C. K-beautiful Strings
time limit per test
2 seconds
memory limit per test
256 megabytes
input
standard input
output
standard output

You are given a string $s$ consisting of lowercase English letters and a number $k$. Let's call a string consisting of lowercase English letters beautiful if the number of occurrences of each letter in that string is divisible by $k$. You are asked to find the lexicographically smallest beautiful string of length $n$, which is lexicographically greater or equal to string $s$. If such a string does not exist, output $-1$.

A string $a$ is lexicographically smaller than a string $b$ if and only if one of the following holds:

• $a$ is a prefix of $b$, but $a \ne b$;
• in the first position where $a$ and $b$ differ, the string $a$ has a letter that appears earlier in the alphabet than the corresponding letter in $b$.
Input

The first line contains a single integer $T$ ($1 \le T \le 10\,000$) — the number of test cases.

The next $2 \cdot T$ lines contain the description of test cases. The description of each test case consists of two lines.

The first line of the description contains two integers $n$ and $k$ ($1 \le k \le n \le 10^5$) — the length of string $s$ and number $k$ respectively.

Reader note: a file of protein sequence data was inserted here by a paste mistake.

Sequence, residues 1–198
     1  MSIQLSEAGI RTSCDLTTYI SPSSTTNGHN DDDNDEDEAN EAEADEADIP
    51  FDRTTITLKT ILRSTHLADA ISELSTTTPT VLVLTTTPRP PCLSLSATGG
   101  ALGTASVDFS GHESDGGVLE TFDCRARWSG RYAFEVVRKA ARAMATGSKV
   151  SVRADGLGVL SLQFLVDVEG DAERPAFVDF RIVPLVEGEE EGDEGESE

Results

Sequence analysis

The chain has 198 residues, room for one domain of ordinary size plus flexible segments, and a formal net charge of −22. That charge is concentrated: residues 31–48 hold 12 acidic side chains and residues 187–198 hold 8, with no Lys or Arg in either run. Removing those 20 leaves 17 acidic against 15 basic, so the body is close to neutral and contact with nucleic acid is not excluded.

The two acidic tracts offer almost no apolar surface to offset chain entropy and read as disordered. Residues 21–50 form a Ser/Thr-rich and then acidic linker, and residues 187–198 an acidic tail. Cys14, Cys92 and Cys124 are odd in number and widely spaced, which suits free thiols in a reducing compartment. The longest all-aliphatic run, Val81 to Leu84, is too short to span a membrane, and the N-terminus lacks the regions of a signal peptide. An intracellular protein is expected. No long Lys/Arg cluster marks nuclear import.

The second line contains string $s$ consisting of lowercase English letters.

It is guaranteed that the sum of $n$ over all test cases does not exceed $10^5$.

Output

For each test case output in a separate line lexicographically smallest beautiful string of length $n$, which is greater or equal to string $s$, or $-1$ if such a string does not exist.

Example
Input
4
4 2
abcd
3 1
abc
4 3
aaaa
9 3
abaabaaaa

Output
acac
abc
-1
abaabaaab

Note

In the first test case "acac" is greater than or equal to $s$, and each letter appears $2$ or $0$ times in it, so it is beautiful.

In the second test case each letter appears $0$ or $1$ times in $s$, so $s$ itself is the answer.

We can show that there is no suitable string in the third test case.

In the fourth test case each letter appears $0$, $3$, or $6$ times in "abaabaaab". All these integers are divisible by $3$.